The grey days are over for the time being at the Brooklyn Botanical Garden. It’s been open since mid March but it’s really at it’s best during the warmer months of the year.   The cherry blossoms are in full bloom right now and they have managed to keep there petals on despite the hard rain fall this past week.  The cherry blossoms are a part of the Hanami Festival at BBG is a month-long celebration from April 2 to May 1 that celebrates the Japanese cultural tradition of enjoying each moment of the cherry blossom season.  Too bad that they don’t let you bring a picnic like they do in Japan.  Here’s the latest report from the Brooklyn Botanical Garden site which keeps those who are interested updated on the blooms of the day.  I also want to note that Tuesdays are free for all and Saturdays admission is free from 10am-Noon unless there’s a special event going on like the Matsuri April 30-May 1st.

Other exhibits worth mentioning are the following with links:

Graceful Perseverance – Bonsai Trees

 Natural History sculpture by Patrick Dougherty

and More…

The current hours, admissions and directions to the Brooklyn Botanical Gardens are:


8 a.m. to 6 p.m.
Saturday & Sunday:
10 a.m. to 6 p.m.
Closed Mondays
(but open Memorial Day, 5/30,
from 10 a.m. to 6 p.m.)

More Information


Members: Free
Adults: $10
Seniors (65 and over): $5
Students with a valid ID: $5
Children under 12: Free

Special Pricing for Sakura Matsuri

More Information


900 Washington Avenue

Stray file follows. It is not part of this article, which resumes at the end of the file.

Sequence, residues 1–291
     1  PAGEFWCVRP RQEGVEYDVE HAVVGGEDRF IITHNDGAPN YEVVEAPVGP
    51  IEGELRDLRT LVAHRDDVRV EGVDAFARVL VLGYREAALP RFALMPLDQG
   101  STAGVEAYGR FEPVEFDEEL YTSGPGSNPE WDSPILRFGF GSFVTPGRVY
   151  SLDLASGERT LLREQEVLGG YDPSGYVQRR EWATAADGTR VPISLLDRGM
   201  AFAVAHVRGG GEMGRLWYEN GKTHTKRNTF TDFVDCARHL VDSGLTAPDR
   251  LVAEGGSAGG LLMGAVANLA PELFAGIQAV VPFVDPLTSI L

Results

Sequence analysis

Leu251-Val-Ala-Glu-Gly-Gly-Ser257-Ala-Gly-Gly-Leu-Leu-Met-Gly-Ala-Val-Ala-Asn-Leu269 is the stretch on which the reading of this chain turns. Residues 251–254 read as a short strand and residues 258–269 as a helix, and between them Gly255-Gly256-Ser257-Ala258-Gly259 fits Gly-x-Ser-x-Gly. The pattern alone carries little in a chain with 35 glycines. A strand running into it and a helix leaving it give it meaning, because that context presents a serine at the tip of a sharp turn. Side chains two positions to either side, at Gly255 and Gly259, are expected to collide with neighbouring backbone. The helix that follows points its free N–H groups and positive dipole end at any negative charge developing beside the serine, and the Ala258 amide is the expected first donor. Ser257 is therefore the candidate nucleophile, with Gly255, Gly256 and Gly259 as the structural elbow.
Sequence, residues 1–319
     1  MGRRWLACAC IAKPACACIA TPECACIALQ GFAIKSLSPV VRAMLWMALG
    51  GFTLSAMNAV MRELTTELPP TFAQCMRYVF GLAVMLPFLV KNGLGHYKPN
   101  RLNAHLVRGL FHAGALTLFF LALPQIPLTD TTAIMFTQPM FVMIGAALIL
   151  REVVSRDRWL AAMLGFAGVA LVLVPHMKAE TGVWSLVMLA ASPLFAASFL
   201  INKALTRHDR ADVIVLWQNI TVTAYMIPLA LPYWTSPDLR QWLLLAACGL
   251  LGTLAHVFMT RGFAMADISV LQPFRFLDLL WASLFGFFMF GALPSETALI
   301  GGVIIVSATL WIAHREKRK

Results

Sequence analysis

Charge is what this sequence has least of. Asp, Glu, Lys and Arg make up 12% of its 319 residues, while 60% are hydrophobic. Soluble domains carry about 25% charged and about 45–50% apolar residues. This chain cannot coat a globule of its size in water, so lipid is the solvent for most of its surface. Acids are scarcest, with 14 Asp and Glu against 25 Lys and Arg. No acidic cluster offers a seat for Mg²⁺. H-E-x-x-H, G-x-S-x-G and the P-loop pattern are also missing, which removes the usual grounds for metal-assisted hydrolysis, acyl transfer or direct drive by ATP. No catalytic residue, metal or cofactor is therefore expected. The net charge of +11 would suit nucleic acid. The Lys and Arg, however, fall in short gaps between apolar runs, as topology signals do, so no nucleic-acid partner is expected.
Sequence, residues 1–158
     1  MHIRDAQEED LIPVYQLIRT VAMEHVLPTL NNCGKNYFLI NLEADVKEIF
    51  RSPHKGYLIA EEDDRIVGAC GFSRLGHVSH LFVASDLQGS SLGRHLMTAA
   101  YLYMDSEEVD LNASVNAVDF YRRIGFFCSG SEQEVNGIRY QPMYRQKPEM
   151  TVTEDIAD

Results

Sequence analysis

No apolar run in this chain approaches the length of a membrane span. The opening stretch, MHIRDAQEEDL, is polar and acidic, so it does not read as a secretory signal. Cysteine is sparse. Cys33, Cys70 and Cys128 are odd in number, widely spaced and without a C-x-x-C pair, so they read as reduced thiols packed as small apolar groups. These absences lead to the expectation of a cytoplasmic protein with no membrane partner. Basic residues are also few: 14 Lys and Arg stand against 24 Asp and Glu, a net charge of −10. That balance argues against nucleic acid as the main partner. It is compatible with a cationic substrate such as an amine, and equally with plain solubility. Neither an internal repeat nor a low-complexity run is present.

Brooklyn, NY 11225

2 train 3 train B train Q train 4 train 5 train S train
B or Q to Prospect Park
2 or 3 to Eastern Parkway

Maps, Parking, and Directions

Green is the new grey in Central Park this Spring

In Central Park the new spring season makes green the new grey of the season past.   Rain showers are in the forecast today but they don’t prevent me from visiting.  It’s hard to stay away and not see the park when the landscape is at it’s best.  Central Park is in full bloom.  The grey is getting etched out of the landscape by the pinks, greens, yellows and reds of the flowers, plants and trees coming back to life.

First blooms of Central Park Spring 2011

The activity level is pretty low for this time of year but it’s still a great time to visit.  Less people and the naturally filtered light makes for great pictures even in the middle of the day.  The only problem is the constant wiping of the lenses as each rain shower passes.  Besides that, no worries.

Even More Highline Coming this Spring in NYC


The west-side  High Line has new things to come this spring as it will soon be extending its green paths uptown to 30th Street.  There’s no official date announced but it’s sometime this spring.  The High Line is open to the public until 10pm and this summer there will be food services offered by High Line approved vendors, additional visitor services and events for all to enjoy.

Star Gazing

Grab your telescopes and join star-gazing fun at the High Line Tuesday nights.  The Amateur Astronomers Association of New York‘s will have high-powered telescopes on had with instruction and generally will be offering lessons on what goes on in the sky above New York City.  So come by at dusk and join both amateur and professional astronomers every Tuesday night during High Line’s Star Gazing Event.  Unfortunately, the first ever Star Gazing night this year was cancelled due to bad weather, but the next one is scheduled for April 19th.  Let’s all hope for a clear night.

Before it was abandoned